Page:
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Sharon Kitchens

Sharon Kitchens is a neo-homesteader learning the ins and outs of country living by luck and pluck and a lot of expert advice. She writes about bees for The Huffington Post and stuff she loves on her personal blog, deliciousmusings.com. When she is not writing, she enjoys edible gardening, reading books on food and/or thinking about food, hanging out by her beehives and patiently tracking down her chickens in the woods behind her old farmhouse. In her blog, Sharon profiles farm families, reports on farm-based education and internships, conducts Q&A's with master beekeepers, offers tips on picking a CSA, and much more. Sharon can be contacted at kitchens.sharon@gmail.com or on Twitter @deliciousmusing.

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The Root with Sharon Kitchens
Posted: August 19, 2014

Building my dining room table: The Naked Table Project

To make my home more “lovable” and create a space where I could spread out and entertain guests, I signed up for the recent Naked Table Project held near Woodstock, Vermont.

buildatable

Did you know when you sit down at a table to eat you generally consume less food than if you were standing?  It’s true, and if you think about it, makes complete sense. When sitting down to a meal you are more likely to slow down and enjoy the meal at hand and be aware of the amount of food you are consuming.

When I am home I make a point to sit down at the table for breakfast, lunch, and dinner.  That sounds easier than you might think with chores, an ever full inbox, a never ending stack of reading material to get through, and who knows what going on. Since moving into my home three years ago, I’ve been enjoying said meals at a small table in my kitchen. Not bad, but not the most enticing of experiences. The table is great for prep work while cooking, but it’s not a dining room table.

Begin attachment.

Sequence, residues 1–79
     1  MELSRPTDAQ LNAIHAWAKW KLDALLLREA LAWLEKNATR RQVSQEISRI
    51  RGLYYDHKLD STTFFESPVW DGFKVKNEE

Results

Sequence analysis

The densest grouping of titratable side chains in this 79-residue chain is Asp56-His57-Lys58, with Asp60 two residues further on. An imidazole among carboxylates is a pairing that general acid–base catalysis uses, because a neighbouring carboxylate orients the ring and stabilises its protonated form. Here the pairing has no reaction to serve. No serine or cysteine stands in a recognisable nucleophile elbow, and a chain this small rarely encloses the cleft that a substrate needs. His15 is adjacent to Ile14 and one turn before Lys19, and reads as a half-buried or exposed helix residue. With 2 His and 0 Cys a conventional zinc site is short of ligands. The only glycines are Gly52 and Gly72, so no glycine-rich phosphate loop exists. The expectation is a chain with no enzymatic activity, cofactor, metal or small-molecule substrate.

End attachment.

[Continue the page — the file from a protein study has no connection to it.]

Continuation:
Part of the reason I have not purchased a dining room table is because I just couldn’t find one I love and didn’t want to get one made in China. It has been said the dining room table is the heart of every home.  Well, I wanted to hold out until I could find a sustainable option that would honor the meals made with real ingredients that would be served on it.

About a year ago I helped the folks at Claire’s Restaurant (the country’s first Community Supported Restaurant) in Hardwick, Vermont make a table out of locally sourced wood at a workshop organized by renowned furniture maker Charles Shackleton and his company Shackleton Thomas. The workshop – or weekend, as it includes a walk in the forest and locavore lunch – is called The Naked Table Project. People build tables made of Vermont’s iconic Sugar Maple, which has been responsibly managed and locally harvested.

To make my home more “lovable” and create a space where I could spread out and entertain guests, I signed up for the recent Naked Table Project held near Woodstock, Vermont. Following are images from the workshop and my table!! If you want to find out more about The Naked Table Project check out the Shackleton Thomas website here.

Nice and easy, all the materials you need to build your table are at your personal work station.

Nice and easy, all the materials you need to build your table are at your personal work station.

Charles Shackleton in the red t-shirt after giving a motivational speech.

Furniture maker Charles Shackleton in the red t-shirt.

Applying a bit of whey-based finish from Vermont Natural Coatings.

Applying a bit of whey-based finish from Vermont Natural Coatings.

Putting the legs of my table together.

Putting the legs of my table together.

Getting there, frame is together.

Getting there, frame is together.

Ben C. a Vermont logger showing how horses are used to practice sustainable logging.

To fully understand the process of sustainably making furniture, you must go into the forest. Ben C. a Vermont logger showed how horses are used to practice sustainable logging.

From forest to table.

From forest to table.

My friend Miranda Thomas (a talented!! potter and I with my finished table.

My friend Miranda Thomas (a talented!! potter and co-owner with Charles of Shackleton Thomas) and I with my finished table.

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